Dengue Fever: The Deepest Lake (Tuk Tuk)

Reliably cool LA via Cambodia psych sextet deliver excellent seventh LP

Released Jan 27th, 2015 via Tuk Tuk / By Allan Judkins
Dengue Fever: The Deepest Lake (Tuk Tuk) There is always something wonderfully compelling about an Eastern-meets-Western combo… especially when it’s a psychedelic one. Contributing to a hearty back catalogue now, the latest offering from LA via Cambodia sextet Dengue Fever demonstrates a wealthy understanding of how to cross-pollinate worldly genres.

Initially intrigued by an unhinged retro drum machine, The Deepest Lake opens up and instantly submerges with slick, slimy keys wobbling over a tight round of percussion. This lines things up splendidly for vocalist Chhom Nimol to steal your heart with her haunting and captivating musings, and subsequently the brainchild of the band, Zac Holtzman and his marvellously intertwining guitaristry.

His signature Rush-style double neck guitar (No, don’t go! It’s half electric guitar, half tambura don’t you know…) is not so apparent than it is on previous album Cannibal Courtship. However, the guitar work throughout delivers diversely and devilishly with acidic surf tones and eerie chords, complete with a righteous tape delay. Its individual and collaborative qualities are constantly interesting and ribbon the overall mix.

Justified single ‘Rom Say Sok’ is based on a Cambodian folk tale about a woman with magical long hair with the ability to soak up as much water as she wants. This knowledge is handy as it caters for the minority of English spoken lyrics, synonymous with its full-on noughties indie sound. ‘No Sudden Moves’ is a star piece, not only does it boast the catchiest riff of the album with far-out guitar and brass, and a solid groove with indulgent congas, it reveals Khmer hip- hop, something that should definitely become more frequent amongst their extensive book of tricks. In ‘Ghost Voices’ there lies definite aspects of Molam music, a genre that has been resurrected in partly due to The Sound Of Siam compilations, which are well worth a punt if you like what you’re reading about. One criticism of The Deepest Lake would be that it lacks a kicking centerpiece to fulfill the momentum, the rate of knots dithers towards the end until ‘Still Waters Run Deep’ which is the closest amalgamation of South East Asian folksong and a 1970s cop show car chase soundtrack one will ever hear.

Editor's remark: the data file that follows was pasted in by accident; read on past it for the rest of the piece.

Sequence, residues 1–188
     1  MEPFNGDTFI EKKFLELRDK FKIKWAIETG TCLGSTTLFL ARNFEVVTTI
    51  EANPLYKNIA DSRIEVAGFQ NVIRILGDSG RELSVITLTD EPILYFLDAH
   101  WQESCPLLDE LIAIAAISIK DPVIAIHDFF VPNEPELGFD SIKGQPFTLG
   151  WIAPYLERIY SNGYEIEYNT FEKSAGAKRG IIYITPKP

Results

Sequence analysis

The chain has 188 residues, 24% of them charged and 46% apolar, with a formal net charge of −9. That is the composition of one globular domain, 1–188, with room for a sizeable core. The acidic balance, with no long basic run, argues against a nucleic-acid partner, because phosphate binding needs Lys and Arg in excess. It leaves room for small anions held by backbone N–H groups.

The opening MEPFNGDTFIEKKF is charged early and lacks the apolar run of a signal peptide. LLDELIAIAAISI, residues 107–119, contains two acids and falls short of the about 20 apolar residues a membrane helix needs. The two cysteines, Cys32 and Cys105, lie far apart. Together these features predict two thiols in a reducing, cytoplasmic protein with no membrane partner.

Outbursts of shiny trumpets are very clean cut and make it more reminiscent of a pop record than Dengue Fever’s previous work. David Ralicke, also known for his work with Beck, is the bringer-to-life of the dirty tenor sax. His mighty fine display of solos is now a cut above, almost bridging on mad prog-rock King Crimson-esque tangents. Use of the word “skronky” would not be inappropriate. The Deepest Lake is a percussively rich album too, while the drum beats are delightfully simple, they carry the congas, bongos, cowbells, and all the other decorative rhythms, sort of like how a simple Ikea bag is designed to carry multiple objects in a sturdy manner.

All the elements of this carefully sculpted sound sit so well together, and while slow paced for lengthy sections, it matures with each listen once settled in to a suitable mind frame. A lot of attention to detail is paid to the minimal aspects of their sound – quite like a lot of old surf records are so specifically sparse that they sound like someone dying of thirst in a desert. Perhaps someone expecting a 100% fun-filled listen would have been mildly disappointed but nevertheless enticed into their transglobal stylings. Still a fun record too mind, yet equally introspective, aromatic and above all, dead cool.